Under the threat of the federal government defunding what it has budgeted for Planned Parenthood, the organization galvanized its supporters and expanded its footprint. The nonprofit launched digital, TV and grassroots campaigns to educate the masses on the extent of services provided, everything from cancer screenings to routine check-ups. The leaders invested $30 million in getting young people to vote and even created an internal team dedicated to digital advocacy and fact-sharing. The healthcare provider also teamed up with microblogging site Tumblr and SXSW to reach wider audiences.
Just six weeks following Election Day, Planned Parenthood had received more than 300,000 individual donations, 40 times its usual rate. And, 70 percent of those donations were from first-time donors, about half of whom are Millennials. The organization is poised for continued engagement, too. From July 2016 to June 2017, the supporter base grew by 1.3 million people.
World Wildlife Fund:
The World Wildlife Fund (WWF) has become a digital powerhouse recently; a strategic shift aimed to directly appeal to younger audiences.
WWF launched in 2015 the #EndangeredEmoji campaign, which matched 17 animal emojis with endangered species accompanied by educational information. The campaign generated more than 560,000 social media mentions. In just two months following the launch, nearly 60,000 people had signed up for the campaign. This came on the heels of #LastSelfie, a Snapchat campaign featuring endangered animals with the message “Don’t let this be my #lastselfie.” This call to action enabled WWF to reach the monthly donation target in only three days.
WWF’s leaders understand two key truths to reaching young people: 1) Meet them where they are. These campaigns used platforms and a language young people are immersed in every day; and, 2) Make it simple. As WWF International Digital Innovation Manager Adrian Cockle told the online site Slate: When it comes to fundraising, giving people a simple way to donate is key. By using one of the world’s biggest social platforms to highlight endangered species, we’re hoping to raise vital funds for their conservation as well as raising awareness globally.”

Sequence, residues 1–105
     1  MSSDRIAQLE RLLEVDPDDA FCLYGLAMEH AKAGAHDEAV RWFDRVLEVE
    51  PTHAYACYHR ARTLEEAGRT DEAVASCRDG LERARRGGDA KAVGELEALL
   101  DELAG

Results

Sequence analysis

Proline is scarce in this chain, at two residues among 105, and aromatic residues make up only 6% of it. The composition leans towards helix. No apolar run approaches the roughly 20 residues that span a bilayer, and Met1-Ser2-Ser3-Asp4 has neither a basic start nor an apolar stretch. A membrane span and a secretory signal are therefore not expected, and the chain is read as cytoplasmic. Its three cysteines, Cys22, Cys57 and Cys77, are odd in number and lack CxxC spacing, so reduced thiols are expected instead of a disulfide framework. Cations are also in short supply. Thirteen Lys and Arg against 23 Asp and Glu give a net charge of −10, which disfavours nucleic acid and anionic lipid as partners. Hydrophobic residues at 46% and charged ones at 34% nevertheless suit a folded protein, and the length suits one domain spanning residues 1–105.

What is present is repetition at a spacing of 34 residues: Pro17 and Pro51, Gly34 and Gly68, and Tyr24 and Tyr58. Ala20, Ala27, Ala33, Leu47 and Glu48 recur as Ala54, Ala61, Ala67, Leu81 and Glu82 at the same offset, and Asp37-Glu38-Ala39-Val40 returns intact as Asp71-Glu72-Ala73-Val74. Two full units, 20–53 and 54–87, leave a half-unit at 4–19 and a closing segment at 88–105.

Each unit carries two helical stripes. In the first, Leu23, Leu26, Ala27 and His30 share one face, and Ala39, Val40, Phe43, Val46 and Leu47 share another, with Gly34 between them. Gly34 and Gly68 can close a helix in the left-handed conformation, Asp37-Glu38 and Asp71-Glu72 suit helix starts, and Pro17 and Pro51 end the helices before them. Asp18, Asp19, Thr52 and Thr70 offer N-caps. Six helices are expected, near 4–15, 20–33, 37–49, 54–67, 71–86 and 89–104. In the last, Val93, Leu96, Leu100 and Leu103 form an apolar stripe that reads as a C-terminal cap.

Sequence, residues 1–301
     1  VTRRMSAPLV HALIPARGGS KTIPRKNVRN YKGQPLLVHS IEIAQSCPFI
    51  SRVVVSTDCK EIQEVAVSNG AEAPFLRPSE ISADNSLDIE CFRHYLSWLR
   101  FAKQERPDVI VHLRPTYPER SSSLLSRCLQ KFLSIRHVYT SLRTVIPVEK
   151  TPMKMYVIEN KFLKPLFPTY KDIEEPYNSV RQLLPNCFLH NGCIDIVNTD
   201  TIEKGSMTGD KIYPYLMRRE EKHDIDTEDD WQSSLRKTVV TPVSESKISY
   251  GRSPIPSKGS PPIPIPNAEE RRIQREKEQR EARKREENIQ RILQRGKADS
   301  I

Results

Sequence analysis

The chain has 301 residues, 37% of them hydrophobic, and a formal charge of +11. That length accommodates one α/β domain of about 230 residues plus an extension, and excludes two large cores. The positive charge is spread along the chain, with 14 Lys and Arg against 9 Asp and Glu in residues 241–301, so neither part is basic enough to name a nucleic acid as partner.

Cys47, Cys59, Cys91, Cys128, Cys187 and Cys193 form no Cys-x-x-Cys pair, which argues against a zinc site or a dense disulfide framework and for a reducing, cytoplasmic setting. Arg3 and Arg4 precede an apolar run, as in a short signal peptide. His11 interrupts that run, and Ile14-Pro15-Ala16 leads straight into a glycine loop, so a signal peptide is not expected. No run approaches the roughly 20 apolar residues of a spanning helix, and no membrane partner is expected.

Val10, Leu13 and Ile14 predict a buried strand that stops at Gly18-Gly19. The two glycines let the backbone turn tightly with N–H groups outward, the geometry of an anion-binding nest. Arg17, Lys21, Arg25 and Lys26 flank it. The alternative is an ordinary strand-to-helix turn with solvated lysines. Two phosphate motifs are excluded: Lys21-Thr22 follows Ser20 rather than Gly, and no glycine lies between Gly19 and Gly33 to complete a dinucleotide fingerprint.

As you strategize the best ways to engage young people in your cause, keep these tips in mind:
Make sure your supporters know just what they are accomplishing by giving you their support. As the ACLU directly tied funding and advocacy support to keeping families together, you must tell stories that share the impact your supporters are having on real people. Make it easy for them to see precisely where their money goes and exactly how they are helping to make a difference.
Whether someone wants to host a peer-to-peer fundraiser on social media, sign a petition, canvas the neighborhood, or plant a garden, make sure you can facilitate that involvement. Truly value the diverse ways younger generations can harness energy to make a difference for your organization, even if (and especially when) it hasn’t been done before.
A sense of belonging is a strong driving force for Millennials and Gen Z. It’s the human tendency that explains the popularity of social media. We all want to belong and we fear missing out. By including your supporters in the stories you share and creating opportunities for them to advocate your cause to their peers, you’re inviting them into your circle.
Having a legacy brand can be an advantage to a mission-driven nonprofit … provided you are looking around the corner to get younger people involved going forward.